The Travelers Companies, which reported its second-quarter results yesterday, said renewal rates are continuing to trend up across its business segments.
Company executives emphasized, however, that rate hikes are a granular process and are dependent on characteristics of each account. Currently, regarding Travelers’ commercial accounts, about 35 percent of the renewals get an increase of 10 percent or higher. But about 15 percent of renewals see no rate changes or even get rate decreases, executives said.
Travelers also said that in personal lines, it is seeking higher deductibles and tighter terms and conditions in homeowners insurance .
“We continue to be very pleased with pricing trends across our businesses,” CEO Jay Fishman said during Thursday’s conference call to discuss earnings results. “In business insurance, renewal rate change exceeded 7 percent, with stable retentions, which demonstrates the success of our active pricing strategy and our continued focus on improving profitability.”
CEO Fishman also said that in financial, professional and international insurance segment, renewal rate change continued to improve from recent quarters. Notably, renewal rate change in management liability segment not only improved from recent quarters but also accelerated within the quarter, he said. Rates rose in both management liability businesses and international businesses, 5 percent and 4 percent, respectively.
In personal insurance, renewal premium change — which includes changes in exposure — rose 6 percent in agency auto segment and 11 percent in “agency homeowners and other” segment and also accelerated within the quarter.
“The continued high level of weather losses, along with the continuing decline in interest rates, validates our strategy to drive improved rate, terms and conditions and therefore lift underwriting results,” he said.
CEO Fishman said his company does not have an aggregate target for a pure rate number and that there is no broad-brush approach, noting that the company has got about a million accounts every year. The goal is to get the right rate increases on the right accounts and improve profitability.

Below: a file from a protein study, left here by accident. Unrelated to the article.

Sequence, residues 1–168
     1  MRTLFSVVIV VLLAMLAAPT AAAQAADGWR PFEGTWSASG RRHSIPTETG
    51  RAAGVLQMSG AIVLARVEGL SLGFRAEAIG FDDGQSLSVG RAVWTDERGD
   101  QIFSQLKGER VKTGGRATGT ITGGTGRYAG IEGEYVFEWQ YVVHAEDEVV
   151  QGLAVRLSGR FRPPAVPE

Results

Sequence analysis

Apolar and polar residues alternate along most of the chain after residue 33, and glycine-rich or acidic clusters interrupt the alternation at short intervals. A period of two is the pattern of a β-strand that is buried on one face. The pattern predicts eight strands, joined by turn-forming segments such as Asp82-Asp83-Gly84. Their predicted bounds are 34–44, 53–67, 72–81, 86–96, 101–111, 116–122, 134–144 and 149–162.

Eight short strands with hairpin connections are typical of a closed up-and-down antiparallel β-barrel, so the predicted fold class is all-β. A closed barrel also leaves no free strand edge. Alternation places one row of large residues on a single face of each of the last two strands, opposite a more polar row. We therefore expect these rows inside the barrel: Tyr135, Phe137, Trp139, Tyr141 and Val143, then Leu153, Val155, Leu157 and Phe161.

“We have underwriters who are looking at all these individual accounts everyday,” the CEO said.
“We got almost a million business accounts over the course of the year. We have underwriters evaluating individual accounts and individual classes of business and they suggest pricing. We have accounts that produce very attractive returns but we also have accounts that produce much less attractive returns. How the mix actually shows up, which accounts are coming due, are they weather exposed, have they been consistent with our loss expectations, will determine what the individual underwriter decides.”
The range of pricing changes in the company’s account base is remarkable, he added. “It ranges from accounts that are getting 10 percent or more of rate reductions, all the way up to accounts that are getting 10 percent or more of rate gains. It’s really left up to the underwriters. But what I will say is that we are not hearing anything anecdotally from our field organization that would make us think that continuing to improve profitability is becoming meaningfully more challenging.”
The company also noted that in homeowners insurance it is pushing more aggressively for higher deductibles, though the emphasis is mostly on new accounts. The effort is now underway in about 40 states.
The company also said it is reevaluating how it covers roof hail losses and a potential change to coverage around covering roof losses, and doing a better job of selection regarding the age of roof, the quality and the type of roof.
One measure under consideration is modifying the underwriting process to exclude homes that have roofs that are of a particular age, according to the company.
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